Recurrent recent arbovirus infections suggested by serologic data and unspecific symptoms highlight the need for exhaustive virologic testing.
Potential of Aedes albopictus as a bridge vector for enzootic pathogens at the urban-forest interface in Brazilby dos Santos et al.
Results from this study show that Ae. albopictus frequency declines as it penetrates into the forest and highlight its potential role as a bridge vector of zoonotic diseases at the edge of the Brazilian forests studied.
The findings from this study suggest a possible long-term detrimental effect of ZIKV infection on human male fertility that has to be further explored in well-characterized samples from cohort studies conducted in ZIKV-endemic areas.
These results establish a framework for monitoring YFV transmission in real time that will contribute to a global strategy to eliminate future YFV epidemics.
Exhaustive TORCH Pathogen Diagnostics Corroborate Zika Virus Etiology of Congenital Malformations in Northeastern Brazilby Moreira-Soto et al.
Data from this study support a link between maternal ZIKV infection and congenital malformations and suggest the occurrence of predominantly vector-borne ZIKV transmission in these cases. In addition, some highly prevalent TORCH pathogens may be misinterpreted as representative of ongoing ZIKV activity in the absence of exhaustive diagnostics in northeastern Brazil.
A Novel Marsupial Hepatitis A Virus Corroborates Complex Evolutionary Patterns Shaping the Genus Hepatovirusby Carneiro et al.
The authors conducted field work in Brazil to sample marsupials, one of the most ancient mammalian lineages, and identified a new HAV, marsupial HAV (MHAV).
Evidence for multiple sylvatic transmission cycles during the 2016–2017 yellow fever virus outbreak, Brazilby Moreira-Soto et al.
Since December 2016, Brazil has experienced an unusually large outbreak of yellow fever (YF). Whether urb a n transmission may contribute to the extent of the outbreak is unclear. The objective of this study was to characterize YF virus (YFV) genomes and to identify spatial patterns to determine thedistribution and origin of YF cases in Minas Gerais, Espírito Santo and Rio de Janeiro, the most affected Brazilian states during the current YFV outbreak.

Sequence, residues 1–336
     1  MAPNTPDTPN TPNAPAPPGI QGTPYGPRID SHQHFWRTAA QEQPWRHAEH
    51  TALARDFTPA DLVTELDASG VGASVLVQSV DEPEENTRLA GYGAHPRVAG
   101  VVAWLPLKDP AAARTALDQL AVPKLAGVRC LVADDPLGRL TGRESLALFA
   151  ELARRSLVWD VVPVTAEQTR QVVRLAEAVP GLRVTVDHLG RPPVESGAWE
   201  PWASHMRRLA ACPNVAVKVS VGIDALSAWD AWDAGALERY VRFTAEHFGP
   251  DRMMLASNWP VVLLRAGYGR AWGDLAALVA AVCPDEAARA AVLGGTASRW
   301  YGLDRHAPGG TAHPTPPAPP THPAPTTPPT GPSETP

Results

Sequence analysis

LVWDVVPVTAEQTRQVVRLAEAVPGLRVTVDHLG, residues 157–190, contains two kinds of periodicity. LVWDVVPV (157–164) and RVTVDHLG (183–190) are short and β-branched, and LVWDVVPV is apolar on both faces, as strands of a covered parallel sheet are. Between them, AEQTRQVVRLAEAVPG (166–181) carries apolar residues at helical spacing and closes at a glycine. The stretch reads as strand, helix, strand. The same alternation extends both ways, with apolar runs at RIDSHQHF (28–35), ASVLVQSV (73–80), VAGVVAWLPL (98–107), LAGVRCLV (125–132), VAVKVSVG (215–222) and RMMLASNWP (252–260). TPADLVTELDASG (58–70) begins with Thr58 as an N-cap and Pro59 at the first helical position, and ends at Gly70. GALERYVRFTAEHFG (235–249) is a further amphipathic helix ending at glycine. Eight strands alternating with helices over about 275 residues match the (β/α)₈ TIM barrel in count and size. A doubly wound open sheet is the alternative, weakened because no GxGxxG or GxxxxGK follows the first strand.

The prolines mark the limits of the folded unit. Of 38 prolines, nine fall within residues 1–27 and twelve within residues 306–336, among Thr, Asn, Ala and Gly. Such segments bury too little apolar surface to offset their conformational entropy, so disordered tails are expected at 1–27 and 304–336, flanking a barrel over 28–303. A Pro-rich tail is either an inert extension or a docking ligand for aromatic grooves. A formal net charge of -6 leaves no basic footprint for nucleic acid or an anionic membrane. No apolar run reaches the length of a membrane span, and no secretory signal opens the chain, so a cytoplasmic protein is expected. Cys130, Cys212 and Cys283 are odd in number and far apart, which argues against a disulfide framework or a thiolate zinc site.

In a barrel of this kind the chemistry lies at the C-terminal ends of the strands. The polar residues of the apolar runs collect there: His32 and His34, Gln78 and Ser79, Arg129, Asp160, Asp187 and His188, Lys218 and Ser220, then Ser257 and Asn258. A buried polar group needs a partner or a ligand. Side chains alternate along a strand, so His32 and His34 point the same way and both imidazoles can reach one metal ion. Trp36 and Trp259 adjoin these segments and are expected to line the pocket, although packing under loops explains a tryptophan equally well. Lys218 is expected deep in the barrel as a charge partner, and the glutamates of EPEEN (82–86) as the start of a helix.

The authors of this study discuss gaps in the knowledge and the challenges ahead to anticipate, prevent, and control emerging and re-emerging epidemics of arboviruses in Brazil and worldwide.
Evidence for congenital Zika virus infection from neutralizing antibody titers in maternal sera, north-eastern Brazilby Moreira-Soto et al.
Results from this study suggest that despite the inter-individual variability in immune responses, the magnitude of the maternal ZIKV-specific neutralizing antibody response may prove useful to corroborate congenital ZIKV infection, contributing to reliable estimates of the manifestation index of ZIKV-associated congenital disease. Further studies will be needed to evaluate the time-course of maternal neutralizing antibody responses to identify whether a high maternal PRNT titer can be used as an early marker of congenital infection aiding potential antiviral intervention strategies.
Results from this study further indicate that viruses from northeast Brazil were important for the continental spread of ZIKV. Within Brazil, the authors find instances of virus lineage movement from northeast to southeast Brazil; most of these events are dated to the second half of 2014 and led to onwards transmission in Rio de Janeiro and São Paulo states. The authors infer that ZIKV lineages disseminated from northeast Brazil to elsewhere in Central America, the Caribbean, and South America.
Culex quinquefasciatus from areas with the highest incidence of microcephaly associated with Zika virus infections in the Northeast Region of Brazil are refractory to the virusby Fernandes et al.
The study shows that Culex quinquefasciatus should not be considered a potential vector of ZIKV in Brazil.
Based on the reported data from Brazil in 2015/16, this publication describes a plausible range for the risk of microcephaly in women who were infected with Zika virus during pregnancy compared to those who were not infected. The key message is that the large uncertainty around the risk estimate needs to be further investigated because of a) the possible existence of co-factors that are yet to be validated, b) the assumptions that need be made for the proportion of women who were infected during pregnancy.